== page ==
The future of democracy: an interesting idea

How will governments change?  Will the 21st century see more or fewer democracies? A fascinating new Pew Research survey examines global attitudes towards governmental structures, and offers a glimpse into several possible futures.

Let me draw out what I think of as some key findings, then offer some thoughts about where this might all be headed.

To begin, Pew put forward several models of modern government and asked if respondents would support each.  They included, in order of descending popularity, representative democracy, direct democracy, rule by experts, rule by a strong leader, and a military regime.

The good news (if you like democracy) is that about one quarter of the human race really likes democracy.  The less good news is that almost one half approve of democracy, but also enjoy at least one of the above alternatives:

Respondents who say a representative democracy is good but also support at least one nondemocratic form of government are classified as “less-committed democrats.”… About twice as many (median of 47%) are less-committed democrats.

Yet, taken together, “[s]ome form of democracy is the public’s preference… A global median of 78% back government by elected representatives.”  Indeed, we can go further:

Direct democracy, a governing system where citizens, not elected officials, vote directly on major national issues, is supported by roughly two-thirds of the public around the world…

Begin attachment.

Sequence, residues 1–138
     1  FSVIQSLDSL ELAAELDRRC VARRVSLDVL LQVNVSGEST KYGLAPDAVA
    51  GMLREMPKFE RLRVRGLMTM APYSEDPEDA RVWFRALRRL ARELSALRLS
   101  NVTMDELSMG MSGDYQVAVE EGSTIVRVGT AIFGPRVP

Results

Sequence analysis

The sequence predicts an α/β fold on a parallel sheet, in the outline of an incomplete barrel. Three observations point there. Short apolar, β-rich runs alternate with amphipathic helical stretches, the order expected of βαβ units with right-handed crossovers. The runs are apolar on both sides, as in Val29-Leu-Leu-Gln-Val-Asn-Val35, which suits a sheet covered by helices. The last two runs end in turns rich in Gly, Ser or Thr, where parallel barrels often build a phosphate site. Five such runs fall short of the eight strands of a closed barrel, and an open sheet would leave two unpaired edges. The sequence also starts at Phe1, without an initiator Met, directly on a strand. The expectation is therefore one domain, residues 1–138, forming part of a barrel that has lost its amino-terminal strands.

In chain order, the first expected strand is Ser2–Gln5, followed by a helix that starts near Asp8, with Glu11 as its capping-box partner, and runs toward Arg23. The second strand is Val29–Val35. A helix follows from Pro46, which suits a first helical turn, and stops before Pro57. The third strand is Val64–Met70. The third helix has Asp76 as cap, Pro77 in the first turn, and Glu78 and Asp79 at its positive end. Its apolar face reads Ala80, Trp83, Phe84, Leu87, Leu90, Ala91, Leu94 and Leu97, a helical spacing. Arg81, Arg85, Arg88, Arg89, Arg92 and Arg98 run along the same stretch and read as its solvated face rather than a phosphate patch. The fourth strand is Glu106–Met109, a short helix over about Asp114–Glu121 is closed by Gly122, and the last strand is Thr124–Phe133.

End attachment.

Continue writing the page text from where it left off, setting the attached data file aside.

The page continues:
Of the alternatives, technocracy is the most favored, although disliked in equal measure:

when asked whether a governing system in which experts, not elected officials, make decisions would be a good or bad approach, publics around the world are divided: 49% say that would be a good idea, 46% think it would be a bad thing.

Economics and temporal comparisons are important correlates.  For example,

Publics that have experienced a higher level of economic growth over the past five years tend to have more confidence in their national government to do the right thing for their country.

Education shapes how people view military rule (the less schooling, the more one likes a junta, broadly).

Wealthier nations tend to prefer representative democracy, as do those rated as “more democratic” according to a scale from The Economist:

Yet there’s some variation within those nations, with some being quite open to nondemocratic regimes, especially rule by experts:

There is some fascinating geographical unevenness in these results:

Commitment to representative democracy is strongest in North America and Europe. A median of 37% across the 10 European Union nations polled, as well as 40% in the United States and 44% in Canada, support democracy while rejecting nondemocratic forms of government.

Australia is also in the group.  Within that group, “Sweden (52%) shows the strongest level of commitment of all countries surveyed, with roughly half holding this view.”  In contrast,

roughly one-in-five or fewer are committed to representative democracy in Latin America (median of 19%), sub-Saharan Africa (median of 18%) and the Asia-Pacific (median of 15%).

If we look at other governmental forms, regional diversity continues to play a key role:

A global median of 66% say direct democracy – in which citizens, rather than elected officials, vote on major issues – would be a good way to govern. This idea is especially popular among Western European populists.

Unconstrained executive power also has its supporters. In 20 countries, a quarter or more of those polled think a system in which a strong leader can make decisions without interference from parliament or the courts is a good form of government…